Thursday, 18 January 2018


I quite like the idea of a motto verse, a Bible verse to hold on to and live by, perhaps for a year or longer. I like the idea, but never make much of an effort at the end of December to think (or indeed pray) about one. I don't know why (duh... God?) but lately I've been drawn to Romans 12:13:

Share with the Lord's people who are in need. Practise hospitality.

It's that last bit that has gripped me. In other translations, it's rendered, "pursuing hospitality", "given to hospitality" or "Be hospitable." But the Aramaic Bible in Plain English leaped out at me: "befriend strangers". The term "hospitality" had been reduced in my understanding to having a few folk from church round for dinner every so often, and little more than that. I had to look it up, and discovered that it meant so much more than that to the Apostle Paul, who wrote the letter of Romans. The Greek, φῐλοξενῐ́ᾱ (philoxeníā), literally means 'love of strangers', and encompassed hospitable acts such as taking in strangers who were hanging about in the town square waiting for lodgings for the night. As Christians, we are to be given to this kind of behaviour, indeed pursuing it.

What does this mean for me and my family? We live in a small house, with no more room to take in anyone. When we have people round for dinner, our table extends, but to fit eight or nine in, one of us is perched on the sofa, well below the level of the other diners sat on chairs! It's a squash and a squeeze to say the least. Last summer, we squashed all 4 girls into one bedroom for 2 weeks while we hosted 2 American teenagers as part of a mission team, but it wasn't a sustainable living arrangement, not least because we only have one loo in the whole house. But what about the homeless guy living in our street right now as I type? Shouldn't I be inviting him in to live in my home? It would be pretty radical. Maybe long term that is where this is heading, but for now, God is bestowing me with the grace to start small. For years our family has befriended those from other countries whose paths have somehow crossed our path. We are now blessed with international friends all over the world, and could possibly circumnavigate the globe with offers of hospitality extended in reciprocity towards us. For now, we will carry on with this. We'll carry on seeking out the stranger, being the friendly face, inviting them round for dinner or simply a cup of tea if I have no energy for dinner. The Lord knows the limitations of my energy, and He's not trying to catch me out. That said, there will be times when I borrow from the Energy Bank, not knowing how I'm going to recover my losses, and trust that He'll make a deposit (guaranteeing my inheritance?) and balance the books. It will be a sacrifice and will cost, both in terms of our energy levels, but also emotionally. We have said a lot of goodbyes already, and are in the process of another one, as our first Turkish friends depart Coventry for good. How can we regret, however, knowing that we have contributed to someone's time in Coventry being more pleasant than it otherwise would have been?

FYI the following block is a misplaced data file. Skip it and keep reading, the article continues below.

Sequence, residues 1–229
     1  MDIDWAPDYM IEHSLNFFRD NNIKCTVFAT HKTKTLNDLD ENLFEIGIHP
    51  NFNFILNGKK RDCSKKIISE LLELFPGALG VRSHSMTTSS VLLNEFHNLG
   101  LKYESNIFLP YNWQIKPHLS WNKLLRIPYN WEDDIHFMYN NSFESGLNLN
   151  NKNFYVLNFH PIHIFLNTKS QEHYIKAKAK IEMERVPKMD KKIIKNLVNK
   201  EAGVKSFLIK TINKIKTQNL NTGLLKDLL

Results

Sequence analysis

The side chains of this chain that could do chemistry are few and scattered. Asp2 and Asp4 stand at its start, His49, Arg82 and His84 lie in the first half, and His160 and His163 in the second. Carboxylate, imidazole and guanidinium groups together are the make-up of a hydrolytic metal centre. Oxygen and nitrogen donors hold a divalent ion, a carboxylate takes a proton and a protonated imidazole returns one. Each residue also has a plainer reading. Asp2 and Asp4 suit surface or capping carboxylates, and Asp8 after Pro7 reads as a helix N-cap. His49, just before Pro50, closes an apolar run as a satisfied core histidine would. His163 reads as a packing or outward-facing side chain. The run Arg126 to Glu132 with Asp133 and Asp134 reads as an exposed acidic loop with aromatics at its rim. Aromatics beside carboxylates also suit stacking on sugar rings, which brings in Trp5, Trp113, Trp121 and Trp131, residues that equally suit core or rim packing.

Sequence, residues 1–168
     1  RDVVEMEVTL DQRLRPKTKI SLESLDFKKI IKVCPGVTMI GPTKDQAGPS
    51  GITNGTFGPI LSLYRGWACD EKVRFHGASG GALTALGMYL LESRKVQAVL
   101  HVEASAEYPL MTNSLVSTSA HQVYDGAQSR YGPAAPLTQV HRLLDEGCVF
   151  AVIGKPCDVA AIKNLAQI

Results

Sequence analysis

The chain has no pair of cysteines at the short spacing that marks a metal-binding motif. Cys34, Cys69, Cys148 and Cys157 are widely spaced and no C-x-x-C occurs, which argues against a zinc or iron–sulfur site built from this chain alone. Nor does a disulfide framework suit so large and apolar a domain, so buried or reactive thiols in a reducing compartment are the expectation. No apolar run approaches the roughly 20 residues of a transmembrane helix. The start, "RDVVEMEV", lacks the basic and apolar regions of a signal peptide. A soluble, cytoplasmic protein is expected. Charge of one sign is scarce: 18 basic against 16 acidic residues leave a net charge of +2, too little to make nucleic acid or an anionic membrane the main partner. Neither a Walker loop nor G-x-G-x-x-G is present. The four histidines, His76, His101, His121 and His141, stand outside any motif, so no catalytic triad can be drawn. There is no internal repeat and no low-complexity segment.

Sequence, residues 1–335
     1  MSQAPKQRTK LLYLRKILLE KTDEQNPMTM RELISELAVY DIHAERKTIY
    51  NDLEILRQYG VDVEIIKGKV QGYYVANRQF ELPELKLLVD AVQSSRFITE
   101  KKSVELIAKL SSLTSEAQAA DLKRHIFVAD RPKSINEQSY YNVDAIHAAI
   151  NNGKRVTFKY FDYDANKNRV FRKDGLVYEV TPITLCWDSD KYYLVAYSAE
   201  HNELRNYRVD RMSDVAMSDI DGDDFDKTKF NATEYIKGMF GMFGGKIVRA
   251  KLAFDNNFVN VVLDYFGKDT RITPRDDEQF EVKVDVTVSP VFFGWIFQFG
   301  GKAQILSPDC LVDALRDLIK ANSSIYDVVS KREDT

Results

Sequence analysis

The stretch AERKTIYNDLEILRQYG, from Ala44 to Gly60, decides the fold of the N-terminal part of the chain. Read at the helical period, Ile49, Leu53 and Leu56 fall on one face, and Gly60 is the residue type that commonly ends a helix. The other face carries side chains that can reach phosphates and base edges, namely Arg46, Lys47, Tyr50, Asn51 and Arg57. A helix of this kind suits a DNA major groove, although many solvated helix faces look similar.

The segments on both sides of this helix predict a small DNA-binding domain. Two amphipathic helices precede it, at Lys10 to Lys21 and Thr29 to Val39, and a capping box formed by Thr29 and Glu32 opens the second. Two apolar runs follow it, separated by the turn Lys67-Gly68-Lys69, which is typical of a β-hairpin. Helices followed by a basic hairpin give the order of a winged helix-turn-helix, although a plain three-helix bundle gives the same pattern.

I want to go deeper and wider: deeper as we look at being more intentional in our hospitality, which involves having the ingredients and knowledge to rustle up a simple meal at short notice, keeping the house in some sort of order (downstairs at least... upstairs is a disaster... And downstairs we still have bare plaster on the walls and it's definitely got that 'lived in by a feisty family of six' vibe... But it's hopefully not the kind of place you leave feeling like you need to wash your hands...), and it's not minding that it's not perfect; and wider as I seek to be consistently friendly and welcoming to whomever God places in my path, whether that's a fellow mum at school, or someone I exchange pleasantries with as we stand waiting for the green man. And exchange pleasantries I will. It might be embarrassing to my older kids, but as Jesus was asked, "Who is my neighbour?", so I want to think, "Who is the stranger?" Well, it's anyone I don't know that well yet. I want, through God's grace, to turn strangers into neighbours. This takes time, so it's being intentional about not being too busy.

And this brings me back to our Turkish friends. They were our actual neighbours, living just round the corner. I regret the months that we merely smiled at them before properly getting to know them. I think we were too British in our reserve.  Philoxenia, it seems to me, means fighting against the reserve, the embarrassment, the shyness. What does it matter if we fall flat on our faces, really? If God is with us, then who can be against us? If God is with us, then who can hide behind their shyness being 'just the way I am'? Start small, and be amazed. You'll be blessed more than the awkwardness costs you. But don't be surprised at the cost either.

In the current xenophobic climate in the UK, just think what a revolution of Christians practising philoxenia could do, especially when the philos, the love, stems from the love of Christ.

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